American Zen Apartment
...or This. Is. Spartan!
No way does my new place look this good but I have to check and see which pictures of my grandson I've already uploaded to my email so I don't erase any that I haven't saved (my cell phone camera's memory's maxed out with Gavin and Buddy the dog pics). Next time, ya'll will get the ten cent tour, promise.
I'm not necessarily an advocate of the Spartan lifestyle (although I loved 300, airbrushed abs and all). There's something to be said for kitchen counters, a sofa, a bed that's non-inflatable or chairs that aren't so rickety they don't sway back and forth when you walk past them.Tables, I've also come to realize, are underappreciated pieces of furniture.
It's going to be home for at least the next year as I'd insisted on locking myself into a 12 month lease for my protection. I have no tv, no stereo, no internet access (I'm writing this at the local Hudson library, which gives you only an hour's worth of access at a predetermined terminal).
Therefore, in order to avoid feeding on my own mind, I'd begun devoting every spare minute since Friday to proofing American Zen from stem to stern. Which is apt.
My fictional bassist, the laid-back Rob Svenson, would advise me to take up the Zen lifestyle. Like it or not, I have. I finished my novel's final proofing by Sunday night so now I guess my monastic lifestyle will impel me to finish other projects. Either it'll be The Bone Bridge, American Zen II: Rock of Ages (also proofed in its incomplete state this w/e) or my hostage negotiation thriller, The Toy Cop. So far, the way it's panning out, American Zen II is getting my nocturnal attention.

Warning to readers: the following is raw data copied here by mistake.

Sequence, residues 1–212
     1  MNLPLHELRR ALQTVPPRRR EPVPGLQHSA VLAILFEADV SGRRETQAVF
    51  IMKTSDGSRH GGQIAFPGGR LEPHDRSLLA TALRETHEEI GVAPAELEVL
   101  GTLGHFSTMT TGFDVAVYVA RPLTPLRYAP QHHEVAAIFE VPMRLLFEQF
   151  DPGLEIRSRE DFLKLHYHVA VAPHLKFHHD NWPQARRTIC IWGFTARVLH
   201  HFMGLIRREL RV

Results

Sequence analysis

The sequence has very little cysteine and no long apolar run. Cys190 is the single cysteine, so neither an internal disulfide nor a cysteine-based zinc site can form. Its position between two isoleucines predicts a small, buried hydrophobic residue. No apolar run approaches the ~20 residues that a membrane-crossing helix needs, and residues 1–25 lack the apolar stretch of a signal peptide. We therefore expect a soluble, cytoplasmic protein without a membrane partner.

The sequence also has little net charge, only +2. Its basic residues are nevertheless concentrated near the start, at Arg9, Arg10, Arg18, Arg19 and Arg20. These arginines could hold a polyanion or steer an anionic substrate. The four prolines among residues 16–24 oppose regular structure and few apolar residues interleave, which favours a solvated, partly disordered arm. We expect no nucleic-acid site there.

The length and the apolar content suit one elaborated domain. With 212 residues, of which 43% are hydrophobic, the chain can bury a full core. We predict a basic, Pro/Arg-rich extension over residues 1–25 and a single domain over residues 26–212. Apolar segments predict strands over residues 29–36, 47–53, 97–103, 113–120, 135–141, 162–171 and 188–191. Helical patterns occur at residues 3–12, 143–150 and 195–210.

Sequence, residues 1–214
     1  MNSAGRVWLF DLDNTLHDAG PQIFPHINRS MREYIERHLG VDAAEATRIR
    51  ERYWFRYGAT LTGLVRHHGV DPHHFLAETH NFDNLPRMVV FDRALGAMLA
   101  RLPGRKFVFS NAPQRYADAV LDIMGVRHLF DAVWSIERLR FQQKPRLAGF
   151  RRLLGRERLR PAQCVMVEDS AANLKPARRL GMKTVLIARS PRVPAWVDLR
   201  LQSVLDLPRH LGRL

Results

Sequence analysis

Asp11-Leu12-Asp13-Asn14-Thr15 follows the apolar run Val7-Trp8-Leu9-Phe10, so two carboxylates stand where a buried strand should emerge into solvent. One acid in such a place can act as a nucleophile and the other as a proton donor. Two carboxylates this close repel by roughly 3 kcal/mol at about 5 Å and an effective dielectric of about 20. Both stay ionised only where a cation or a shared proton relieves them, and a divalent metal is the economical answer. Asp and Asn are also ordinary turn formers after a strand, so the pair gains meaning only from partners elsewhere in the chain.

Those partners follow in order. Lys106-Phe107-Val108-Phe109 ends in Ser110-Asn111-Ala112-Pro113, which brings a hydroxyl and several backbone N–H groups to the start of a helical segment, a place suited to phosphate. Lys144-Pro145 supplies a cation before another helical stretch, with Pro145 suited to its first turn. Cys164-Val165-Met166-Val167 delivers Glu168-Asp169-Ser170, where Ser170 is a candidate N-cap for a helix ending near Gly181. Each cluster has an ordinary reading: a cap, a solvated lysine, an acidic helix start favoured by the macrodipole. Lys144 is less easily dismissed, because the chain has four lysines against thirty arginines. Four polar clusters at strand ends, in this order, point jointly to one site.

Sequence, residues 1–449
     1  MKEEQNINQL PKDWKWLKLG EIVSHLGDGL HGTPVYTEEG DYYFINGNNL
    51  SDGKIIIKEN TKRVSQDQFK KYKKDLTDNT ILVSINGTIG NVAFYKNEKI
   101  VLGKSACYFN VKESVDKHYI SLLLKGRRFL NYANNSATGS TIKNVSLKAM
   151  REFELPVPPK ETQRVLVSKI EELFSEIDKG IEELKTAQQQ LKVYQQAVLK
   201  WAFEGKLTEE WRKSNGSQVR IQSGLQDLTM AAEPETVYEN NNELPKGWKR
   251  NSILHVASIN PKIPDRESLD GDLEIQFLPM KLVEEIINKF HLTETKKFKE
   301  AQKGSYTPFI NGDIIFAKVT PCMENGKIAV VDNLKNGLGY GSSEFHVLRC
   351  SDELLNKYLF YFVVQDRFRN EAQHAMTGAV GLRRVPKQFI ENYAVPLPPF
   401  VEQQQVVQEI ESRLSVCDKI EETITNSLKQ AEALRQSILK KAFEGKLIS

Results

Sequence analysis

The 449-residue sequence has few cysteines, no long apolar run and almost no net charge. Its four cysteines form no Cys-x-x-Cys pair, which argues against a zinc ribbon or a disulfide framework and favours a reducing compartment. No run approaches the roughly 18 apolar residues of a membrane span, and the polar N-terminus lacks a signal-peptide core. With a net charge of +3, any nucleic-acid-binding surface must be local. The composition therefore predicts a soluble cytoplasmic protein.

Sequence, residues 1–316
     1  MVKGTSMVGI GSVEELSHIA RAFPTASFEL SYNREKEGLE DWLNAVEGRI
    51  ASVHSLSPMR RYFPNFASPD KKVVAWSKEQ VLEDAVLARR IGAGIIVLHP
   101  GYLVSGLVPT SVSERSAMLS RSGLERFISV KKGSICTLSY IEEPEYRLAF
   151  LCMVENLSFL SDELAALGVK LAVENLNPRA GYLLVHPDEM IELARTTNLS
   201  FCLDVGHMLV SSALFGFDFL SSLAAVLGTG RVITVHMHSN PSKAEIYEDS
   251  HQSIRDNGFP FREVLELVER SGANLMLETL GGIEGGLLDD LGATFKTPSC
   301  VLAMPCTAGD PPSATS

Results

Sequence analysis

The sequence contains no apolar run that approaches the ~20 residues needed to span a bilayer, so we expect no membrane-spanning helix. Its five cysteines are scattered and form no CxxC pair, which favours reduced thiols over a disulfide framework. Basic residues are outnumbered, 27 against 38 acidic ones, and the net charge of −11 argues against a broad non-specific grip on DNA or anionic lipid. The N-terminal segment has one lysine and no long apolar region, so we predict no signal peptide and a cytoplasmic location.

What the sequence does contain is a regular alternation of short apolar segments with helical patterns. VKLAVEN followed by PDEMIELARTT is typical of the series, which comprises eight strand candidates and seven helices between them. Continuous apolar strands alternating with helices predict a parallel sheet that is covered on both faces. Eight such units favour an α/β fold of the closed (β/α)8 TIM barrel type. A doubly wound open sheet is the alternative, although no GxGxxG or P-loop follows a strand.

If I had my druthers, though, I'd rather be blogging. As always, there's so much going on. I've read the White House has made its second round of automaker bailouts and restructuring conditional on Rick Wagoner quitting and the pathetic but always entertaining GOP dumbshow is up to its old tricks.
Man, would I love a bloody, quivering piece of that.
Unfortunately, internet access, as said, is both sporadic and fleeting. And it can't accurately be said that my ex is interested in dealing with the results that she'd singlehandedly brought about.
Living here is strange. I feel as if I'm housesitting. Or more accurately, I feel as if I'm living someone else's life, someone who doesn't or was ever meant to exist. Perhaps it's a reflection of the echoing emptiness of these four rooms.
Yet it would be the height of folly to assume that one can suddenly rip a man from his only kith and kin for over 15 years, bar him from visiting except when you have need of him, violate an earlier promise to not do exactly that to him and not make that man feel hollow and existential.
Zen is not for everyone. It wouldn't do for a guy like George W. Bush, a man famed for his aversion to introspection. Zen is also not for me.
Because there's also something to be said for the axiom that states, "Sometimes when you stare at the abyss, the abyss stares back at you."
Political blogging, as with writing novels, is a way for me to crawl over the lip of that insatiable, yawning abyss. It's my way of saying in the best possible words not only that "I was here" but, "I am here" as are 6.1 billion human beings.
Thank you for choosing to watch my life unfold, to watch for proof of life to the necessary exclusion of almost all others.
It's time to get back to work, to once again make Pottersville the place to go for alternative, vicious gonzo journalism on all matters both political and social.